- Courtesy Of Suncommon
- A scene in "Rise: From One Island to Another"
Greenland's ice sheet lost 3.8 trillion tons of ice between 1992 and 2018, according to a satellite-based study by NASA and the European Space Agency. When Hawaii-based director Dan Lin was filming on a remote Greenlandic glacier during the summer of 2018, he could literally hear it melting beneath his feet.
"Early in the morning or mid-morning it's kind of a trickle, and then throughout the day, as the sun warms up, it just rushes and gushes," Lin says in a phone interview. "It's so much water flowing down past you and then through these glacial tunnels and out into the ocean. And you just know that every bit of freshwater there is adding to the sea."
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In Lin's documentary short "Rise: From One Island to Another," two indigenous poets from the Marshall Islands and Greenland meet atop a receding glacier. Together they recite a collaborative poem urging solidarity to combat rising sea levels caused by climate change. The film was the brainchild of Vermont author and climate activist Bill McKibben, whose environmental organization 350.org funded the project.
"Rise" is one of nine shorts in the Climate Action Film Festival, which premieres Thursday, February 6, at Main Street Landing Performing Arts Center in Burlington. The fest was curated by Waterbury-based solar-energy company SunCommon, with a focus on "solutions, rather than just the impacts of climate change," according to CAFF creative director Patrick McCormack. CAFF will also appear at Middlebury's Marquis Theatre on February 12 and will travel to Rhinebeck and Woodstock, N.Y.
"We recognize that the crisis that we're facing with the climate right now is sort of beyond our individual voice," McCormack says, "and so the goal was to bring together a lot of other voices around the climate crisis — specifically through the lens of climate action — to help inspire others to get involved with the movement."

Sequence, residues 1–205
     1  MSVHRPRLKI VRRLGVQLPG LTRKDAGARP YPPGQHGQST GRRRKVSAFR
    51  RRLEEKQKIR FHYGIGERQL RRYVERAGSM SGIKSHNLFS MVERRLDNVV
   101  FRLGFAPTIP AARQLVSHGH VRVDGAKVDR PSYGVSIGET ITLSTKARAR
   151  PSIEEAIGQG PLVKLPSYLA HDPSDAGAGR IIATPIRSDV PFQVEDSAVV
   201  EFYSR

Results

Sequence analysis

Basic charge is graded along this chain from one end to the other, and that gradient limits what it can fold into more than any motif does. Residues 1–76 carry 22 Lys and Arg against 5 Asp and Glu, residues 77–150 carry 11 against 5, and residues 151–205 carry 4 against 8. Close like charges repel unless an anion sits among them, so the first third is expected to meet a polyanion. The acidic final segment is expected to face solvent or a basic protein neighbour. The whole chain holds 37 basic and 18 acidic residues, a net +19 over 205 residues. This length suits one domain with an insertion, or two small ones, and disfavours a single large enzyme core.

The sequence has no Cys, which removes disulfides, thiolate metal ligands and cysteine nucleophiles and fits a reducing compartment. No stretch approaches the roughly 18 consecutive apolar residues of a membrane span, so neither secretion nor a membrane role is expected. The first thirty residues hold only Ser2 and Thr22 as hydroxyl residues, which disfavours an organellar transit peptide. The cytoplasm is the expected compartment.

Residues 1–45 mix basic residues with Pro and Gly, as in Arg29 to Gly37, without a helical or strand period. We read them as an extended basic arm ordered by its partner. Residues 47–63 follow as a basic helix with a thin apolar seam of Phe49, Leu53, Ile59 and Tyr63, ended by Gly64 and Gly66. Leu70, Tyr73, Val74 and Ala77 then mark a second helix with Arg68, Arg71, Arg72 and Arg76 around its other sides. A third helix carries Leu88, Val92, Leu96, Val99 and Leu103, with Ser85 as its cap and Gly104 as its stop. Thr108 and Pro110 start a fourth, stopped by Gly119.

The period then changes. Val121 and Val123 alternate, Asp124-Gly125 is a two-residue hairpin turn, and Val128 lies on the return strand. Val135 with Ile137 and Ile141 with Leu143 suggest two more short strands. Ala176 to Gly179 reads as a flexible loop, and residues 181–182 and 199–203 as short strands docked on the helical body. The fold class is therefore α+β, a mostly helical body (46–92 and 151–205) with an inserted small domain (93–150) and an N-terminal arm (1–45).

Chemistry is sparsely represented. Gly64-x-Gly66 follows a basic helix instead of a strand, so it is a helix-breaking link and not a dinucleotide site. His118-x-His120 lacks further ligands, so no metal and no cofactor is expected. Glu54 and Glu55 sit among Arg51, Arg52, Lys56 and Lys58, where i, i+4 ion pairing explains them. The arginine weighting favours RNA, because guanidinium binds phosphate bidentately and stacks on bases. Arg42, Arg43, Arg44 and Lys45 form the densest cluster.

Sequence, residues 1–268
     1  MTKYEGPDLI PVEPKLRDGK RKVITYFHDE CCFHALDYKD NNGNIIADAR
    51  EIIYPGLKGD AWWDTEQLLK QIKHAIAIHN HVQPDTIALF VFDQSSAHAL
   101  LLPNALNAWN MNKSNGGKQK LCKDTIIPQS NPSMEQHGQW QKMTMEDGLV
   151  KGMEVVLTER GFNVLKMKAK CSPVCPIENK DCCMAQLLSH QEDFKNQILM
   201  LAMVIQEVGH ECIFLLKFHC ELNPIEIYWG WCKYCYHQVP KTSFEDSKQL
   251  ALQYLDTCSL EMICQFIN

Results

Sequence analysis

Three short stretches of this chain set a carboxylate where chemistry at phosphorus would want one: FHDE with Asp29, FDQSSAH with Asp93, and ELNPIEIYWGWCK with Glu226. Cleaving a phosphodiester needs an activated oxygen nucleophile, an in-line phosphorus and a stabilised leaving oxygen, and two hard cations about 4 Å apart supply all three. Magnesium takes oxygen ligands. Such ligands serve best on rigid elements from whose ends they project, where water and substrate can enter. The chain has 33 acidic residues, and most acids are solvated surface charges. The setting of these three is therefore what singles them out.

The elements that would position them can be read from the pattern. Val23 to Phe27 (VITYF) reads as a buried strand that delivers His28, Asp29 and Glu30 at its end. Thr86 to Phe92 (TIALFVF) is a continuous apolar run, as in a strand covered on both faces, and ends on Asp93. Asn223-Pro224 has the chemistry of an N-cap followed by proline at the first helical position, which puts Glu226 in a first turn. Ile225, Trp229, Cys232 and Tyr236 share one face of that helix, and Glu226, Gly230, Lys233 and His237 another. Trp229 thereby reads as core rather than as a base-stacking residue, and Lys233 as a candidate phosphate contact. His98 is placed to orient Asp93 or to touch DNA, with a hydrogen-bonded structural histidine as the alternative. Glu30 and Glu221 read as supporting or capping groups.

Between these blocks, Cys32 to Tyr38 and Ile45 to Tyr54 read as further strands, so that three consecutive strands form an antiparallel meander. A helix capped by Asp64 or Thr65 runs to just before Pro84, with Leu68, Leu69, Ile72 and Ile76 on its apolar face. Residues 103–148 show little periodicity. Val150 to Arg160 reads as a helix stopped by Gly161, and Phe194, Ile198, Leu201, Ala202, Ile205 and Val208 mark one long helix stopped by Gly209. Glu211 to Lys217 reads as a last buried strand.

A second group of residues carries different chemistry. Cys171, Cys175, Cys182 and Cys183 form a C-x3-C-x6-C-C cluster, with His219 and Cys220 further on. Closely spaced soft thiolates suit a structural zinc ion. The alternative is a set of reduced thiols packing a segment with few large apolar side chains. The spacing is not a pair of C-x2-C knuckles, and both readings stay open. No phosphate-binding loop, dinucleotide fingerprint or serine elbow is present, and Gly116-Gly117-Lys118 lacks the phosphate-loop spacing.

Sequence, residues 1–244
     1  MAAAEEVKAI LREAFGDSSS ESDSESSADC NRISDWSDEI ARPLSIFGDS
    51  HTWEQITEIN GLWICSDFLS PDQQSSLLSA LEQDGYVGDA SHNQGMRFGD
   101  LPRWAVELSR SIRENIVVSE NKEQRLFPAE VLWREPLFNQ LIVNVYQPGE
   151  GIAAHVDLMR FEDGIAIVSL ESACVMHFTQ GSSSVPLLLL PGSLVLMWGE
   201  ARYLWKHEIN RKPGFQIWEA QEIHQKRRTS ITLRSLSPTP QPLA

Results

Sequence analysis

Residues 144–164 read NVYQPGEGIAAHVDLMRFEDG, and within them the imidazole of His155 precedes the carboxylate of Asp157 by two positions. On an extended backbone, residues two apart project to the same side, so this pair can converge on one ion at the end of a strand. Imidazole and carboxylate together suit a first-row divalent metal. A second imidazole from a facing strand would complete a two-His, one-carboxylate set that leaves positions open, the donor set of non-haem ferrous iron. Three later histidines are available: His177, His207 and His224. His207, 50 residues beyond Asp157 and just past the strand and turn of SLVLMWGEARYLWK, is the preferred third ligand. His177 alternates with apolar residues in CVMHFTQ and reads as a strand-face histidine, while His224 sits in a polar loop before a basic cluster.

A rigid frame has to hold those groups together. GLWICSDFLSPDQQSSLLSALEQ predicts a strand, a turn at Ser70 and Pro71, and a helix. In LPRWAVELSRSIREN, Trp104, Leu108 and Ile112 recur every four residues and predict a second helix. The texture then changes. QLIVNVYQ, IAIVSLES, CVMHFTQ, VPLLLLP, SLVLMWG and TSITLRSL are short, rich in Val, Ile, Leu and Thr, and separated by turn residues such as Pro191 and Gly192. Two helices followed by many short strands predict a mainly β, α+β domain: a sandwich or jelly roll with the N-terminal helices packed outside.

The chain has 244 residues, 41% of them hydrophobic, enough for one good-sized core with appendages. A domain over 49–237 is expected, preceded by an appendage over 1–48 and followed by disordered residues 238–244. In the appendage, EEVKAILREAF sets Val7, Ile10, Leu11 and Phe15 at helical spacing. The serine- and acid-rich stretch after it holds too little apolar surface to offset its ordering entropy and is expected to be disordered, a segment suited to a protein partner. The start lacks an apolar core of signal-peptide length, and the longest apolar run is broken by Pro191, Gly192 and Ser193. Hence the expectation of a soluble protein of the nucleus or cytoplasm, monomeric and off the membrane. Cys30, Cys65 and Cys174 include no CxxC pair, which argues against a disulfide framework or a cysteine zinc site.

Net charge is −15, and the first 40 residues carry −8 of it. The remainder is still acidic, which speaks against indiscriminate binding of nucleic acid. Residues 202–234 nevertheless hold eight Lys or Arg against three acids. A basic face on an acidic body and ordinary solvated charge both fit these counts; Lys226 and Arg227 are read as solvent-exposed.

McCormack, whose job title at SunCommon is "storyteller," notes that the company received some 225 submissions for the festival. He and copresident/curator Duane Peterson III* narrowed down the entries, and a committee voted on them. The final lineup mixes docs about environmental activism with issue-specific films, as well as broader calls to action to prevent climate breakdown.
In "#NatureNow," then 16-year-old Swedish climate activist Greta Thunberg asks viewers to consider how their daily actions impact the planet. Speaking calmly but forcefully, with her piercing eyes staring directly into the camera, the 2019 Time Person of the Year implores: "Everything counts. What you do counts."
Two selections put the concept of carbon pollution in layman's terms. "Keeping Carbon," from Hudson Valley filmmaker Jon Bowermaster, examines regenerative farming techniques, which aim to store as much carbon in the soil as possible. Its maritime counterpart, "Blue Carbon," finds that by restoring the Snohomish River estuary in Washington's Puget Sound, nine million tons of carbon dioxide would be prevented from entering the atmosphere over the next 100 years.
Several of the films in the fest deal directly with political protest. "Valve Turners" documents a 2016 guerrilla mission to shut down pipelines in four states carrying Canadian oil sands into the U.S. Approximately 2.8 million barrels of oil were halted that day — roughly equivalent to 15 percent of daily U.S. oil consumption, according to the documentary.
North of the border, "Water Warriors" chronicles the combined efforts of First Nations and white citizens in New Brunswick to prevent hydraulic fracturing by SWN Resources, a subsidiary of Texas-based natural-gas company Southwestern Energy. Their extended sit-in on land seized by the corporation led to violent clashes with Royal Canadian Mounted Police forces. The highly publicized protests ultimately contributed to the establishment of a moratorium on natural-gas fracking in the province.
A less extreme form of activism is displayed in "Words Have Power." The six-minute short profiles an asthmatic 13-year-old black girl from Bridgeport, Conn., whose speeches in the community helped spur the planned retirement of the state's last remaining coal-fired power plant by 2021. The film probes issues of environmental racism and how the health impacts of fossil-fuel-based pollution tend to more acutely impact lower-income communities.
"I love this growing idea that you don't have to call yourself an activist, but, as a citizen, we're all obligated to go beyond just voting and making our voices heard," McCormack says. "So there's a lot of different ways to do that, and I think what the Climate Action Film Festival is doing is showing you that range."
Assessing the festival program as a whole, McCormack hopes that the varied lineup will motivate moviegoers to address the climate crisis on a personal level.
"We want to give [audiences] a holistic view of what climate action means ... and where it's headed, and how they can get involved," he says. "So I think the key is to inspire action and to have people understand, as Greta [Thunberg] says, 'No one is too small to make a difference.'"
*Correction February 1, 2020: The original version of this story misidentified the copresident of SunCommon and curator of the Climate Action Film Festival. He is Duane Peterson III.